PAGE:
It is a truth unjustly under-acknowledged that the most fun a person can have online is to riff upon on a topical, novel, and intrinsically funny proper noun. And on November 25th, a New Brunswick man gave this early Christmas gift to Atlantic Canadians by explaining to CBC reporter Vanessa Blanch that he felt unfairly maligned for bringing COVID-19 to New Brunswick.

Did he bring COVID-19 to New Brunswick? Yes, from Alberta.

Did he self-isolate? Yes—albeit only starting after receiving a phone call from NB’s public health agency telling him he’d tested positive. 

Had he felt sick? Well, he told CBC he sought a test based on a sniffle he blamed on jet-lag, and he wanted to confirm that he didn’t have COVID-19 before embarking on another business trip. 

That man’s name? Cortland Cronk. Cortland. Cronk.

Cortland, like the apple variety. 

Cronk, like the 19th century quasi-root beer

Cronk, like the Australian slang word meaning “sick” or “ailing.”

krȯŋk: like the phoneme that’s funny to say. 

Image: Kirsten Morry.

Now, at this juncture in the explainer you may be thinking: “Well, the poor guy got COVID, and it doesn’t seem like he’s done anything wrong. It seems a bit mean to mock his name.” One of my closest friends took this eminently reasonable stance yesterday, but this morning I woke up to a message reading simply:  “Cormoran Cronk, detective. Lost his leg in a weed explosion.”

Besides an excellent opportunity to satirize the protagonist of JK Rowling’s pseudonymous noir detective novels, what accounts for such a volte-face

To truly understand the saga, we must all wait for the special Dog Island podcast episode summarizing all this. (As Canadians, thanks to the Cronkstitution Act (1982), we have a right to expect that in the fullness of time.)

Meanwhile, what follows is a handy guide.

The Cronk Saga

November 25th saw the rapid accretion of funny details about Mr. Cronk, some of which stood in contrast to characterizations he’d made to the CBC.

Immediately after taking his COVID test, he travelled from Saint John to Fredericton to buy clothing from a custom tailor. But Jeff Alpaugh, the tailor, clarified on Twitter that “This guy is not a client… He was trying to sell me video marketing services.” Mr. Cronk claimed that New Brunswick’s public health agency told him not to tell anyone he had COVID so as not to cause panic; he took this advice so far as to lie to Mr. Alpaugh and text him, in response to a direct inquiry, that Mr. Cronk was COVID-negative.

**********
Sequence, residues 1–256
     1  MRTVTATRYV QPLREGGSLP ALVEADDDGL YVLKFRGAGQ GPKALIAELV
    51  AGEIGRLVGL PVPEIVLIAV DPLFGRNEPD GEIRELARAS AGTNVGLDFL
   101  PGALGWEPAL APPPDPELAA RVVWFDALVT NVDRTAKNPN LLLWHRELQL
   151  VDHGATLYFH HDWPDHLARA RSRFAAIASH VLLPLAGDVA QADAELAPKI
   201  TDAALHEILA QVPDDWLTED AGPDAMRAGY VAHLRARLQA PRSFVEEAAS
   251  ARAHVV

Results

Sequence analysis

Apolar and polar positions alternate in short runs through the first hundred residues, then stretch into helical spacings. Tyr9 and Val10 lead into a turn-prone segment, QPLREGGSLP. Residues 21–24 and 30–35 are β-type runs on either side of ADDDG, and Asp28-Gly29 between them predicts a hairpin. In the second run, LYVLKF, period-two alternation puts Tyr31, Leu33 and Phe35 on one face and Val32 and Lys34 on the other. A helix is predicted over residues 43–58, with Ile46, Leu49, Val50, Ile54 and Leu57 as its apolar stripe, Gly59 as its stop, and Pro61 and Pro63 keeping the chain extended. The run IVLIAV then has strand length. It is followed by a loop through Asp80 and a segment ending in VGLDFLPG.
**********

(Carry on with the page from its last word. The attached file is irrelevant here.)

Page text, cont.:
Cronk told CBC that he was considered an essential worker as “he offered software support to auto dealers. Without the software, he explained, repairs couldn’t be performed on the vehicles of first responders.”

However, he’s also a weed accessory entrepreneur. This is an honourable line of work in modern Canada, to be sure, but not one that most would characterize as essential.

This detail provides a natural segue to the real plot twist in the Cortland Cronk story: a video he’d posted on October 31 (and which apparently went unseen by CBC before his lamentations were published) in which he tries various strains of weed, complains that he can’t taste anything, speculates specifically on the possibility of COVID infection and describes his extensive and very recent travels throughout and beyond the late lamented Atlantic Bubble for the purpose of business meetings. So much for a test out of an abundance of caution before taking any more business trips!

Image: @cam_oflage

Cortland, if you’re reading this, I salute your commitment to posting through it, and do earnestly think your story has prompted an important discussion on the mixed messages from government authorities—and the inherent limits of a policy centred on exhorting individuals to exercise personal judgement.

Please do not read further, as what follows is a series of humorous tweets premised on your name. 


Main Image: Glen Bartlett (@gbartlett79)

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Kirsten Morry is a lawyer and humourist from St. John's, and a recognized authority on hairstyles, royalty, and Animal Crossing (inasmuch as she was heavily quoted in a single Wall Street Journal article uniting all three of those topics). She appeared on the quiz show Jeopardy! in 2018.